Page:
We used to have an old trick of re-defining the roles people play slightly in order to justify which grants pay for them (you have to have tricks to fund the Skunkworks). But CWRU is a little overly Government-dependent compared to other research universities. We have been robbing Peter to pay Paul since the 2008 “economic downturn” and continuing grants have been cut each year by $30K and $60K chunks. As my boss says, “We’re out of rabbits to pull out of the hat”. He keeps submitting for grants but they keeps not getting funded.

At least that’s what they tell me. In Academia, if it’s decided you’re an asshole, you get the same story: “Sorry, Buddy, we ain’t gots no more!” (hands pulling empty pockets inside-out). It’s not like we get to review or audit the grant situation. We couldn’t. The people in charge of the grants usually have no freaking clue, either. But we know the department has been carrying me since June and CWRU HR has been screaming at my boss ever since. CWRU is, of course, bottom-line oriented. 13 years of blood, sweat and tears* count for nothing. Well, I get to be considered an “internal candidate” when applying for jobs they post for a year.

*OK, more like blood, drinking coffee and ogling co-eds

Then came shot two across the bow:

Listen up!

To the Faculty and Staff of the School of Medicine:
Last month I wrote regarding the federal government’s sequester and its deleterious effects on research nationwide. Despite ongoing protests and efforts to educate members of Congress regarding the consequences of these cuts, we have seen no change on Capitol Hill. In fact, our funding agencies have begun to issue more specific guidance regarding the size of the reductions we should expect. As just one example, our Clinical and Translational Science Award is scheduled to shrink by more than $1 million in 2013-2014.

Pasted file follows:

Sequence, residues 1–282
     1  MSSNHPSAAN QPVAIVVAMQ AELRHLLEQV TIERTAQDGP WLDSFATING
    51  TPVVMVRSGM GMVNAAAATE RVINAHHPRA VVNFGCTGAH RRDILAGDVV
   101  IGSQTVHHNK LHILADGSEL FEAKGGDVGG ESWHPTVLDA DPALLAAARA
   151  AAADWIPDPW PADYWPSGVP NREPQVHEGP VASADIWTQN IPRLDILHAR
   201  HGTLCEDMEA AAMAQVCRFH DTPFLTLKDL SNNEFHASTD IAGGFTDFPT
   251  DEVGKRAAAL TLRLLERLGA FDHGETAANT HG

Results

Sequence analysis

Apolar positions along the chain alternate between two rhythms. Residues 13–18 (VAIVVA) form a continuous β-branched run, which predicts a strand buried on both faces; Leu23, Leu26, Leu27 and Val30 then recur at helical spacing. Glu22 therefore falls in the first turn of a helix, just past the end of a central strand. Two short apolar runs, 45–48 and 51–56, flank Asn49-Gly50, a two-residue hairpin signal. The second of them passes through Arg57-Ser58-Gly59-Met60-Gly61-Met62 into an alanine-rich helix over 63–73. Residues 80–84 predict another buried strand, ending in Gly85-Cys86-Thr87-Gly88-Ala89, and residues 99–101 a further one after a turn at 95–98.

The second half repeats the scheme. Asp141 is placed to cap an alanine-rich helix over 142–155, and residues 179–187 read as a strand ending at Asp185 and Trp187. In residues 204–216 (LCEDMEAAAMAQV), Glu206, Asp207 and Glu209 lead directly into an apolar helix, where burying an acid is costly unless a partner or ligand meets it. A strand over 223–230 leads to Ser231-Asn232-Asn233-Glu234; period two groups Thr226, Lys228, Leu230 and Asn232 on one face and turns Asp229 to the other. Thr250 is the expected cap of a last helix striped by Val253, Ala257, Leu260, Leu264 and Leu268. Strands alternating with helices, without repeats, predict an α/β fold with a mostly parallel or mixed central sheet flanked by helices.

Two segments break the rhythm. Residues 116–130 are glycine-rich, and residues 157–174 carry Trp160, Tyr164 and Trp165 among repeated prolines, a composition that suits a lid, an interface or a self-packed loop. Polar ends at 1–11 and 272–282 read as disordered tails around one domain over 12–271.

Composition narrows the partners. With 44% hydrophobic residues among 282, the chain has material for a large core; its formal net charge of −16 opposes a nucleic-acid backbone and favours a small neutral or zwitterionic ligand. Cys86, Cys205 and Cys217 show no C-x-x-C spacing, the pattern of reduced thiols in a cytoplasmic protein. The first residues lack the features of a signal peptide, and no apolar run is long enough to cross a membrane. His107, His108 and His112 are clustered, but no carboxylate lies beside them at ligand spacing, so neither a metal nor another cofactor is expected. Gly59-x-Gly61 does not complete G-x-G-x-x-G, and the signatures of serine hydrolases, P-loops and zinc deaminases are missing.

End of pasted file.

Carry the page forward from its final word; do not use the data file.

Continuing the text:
As devastating as these developments are, failing to act on them poses even greater dangers. If we plan ahead and adjust now, we at least will be able to manage the implications over time. Over the past several months we have worked to control costs within the school’s central administration and have encouraged department chairs to reduce spending through measures like sharing equipment and staff or taking greater advantage of core services. Now that more time has passed without legislative action, we must increase our efforts to accommodate the grant cuts we face in this federal fiscal year – and the even greater ones on the horizon.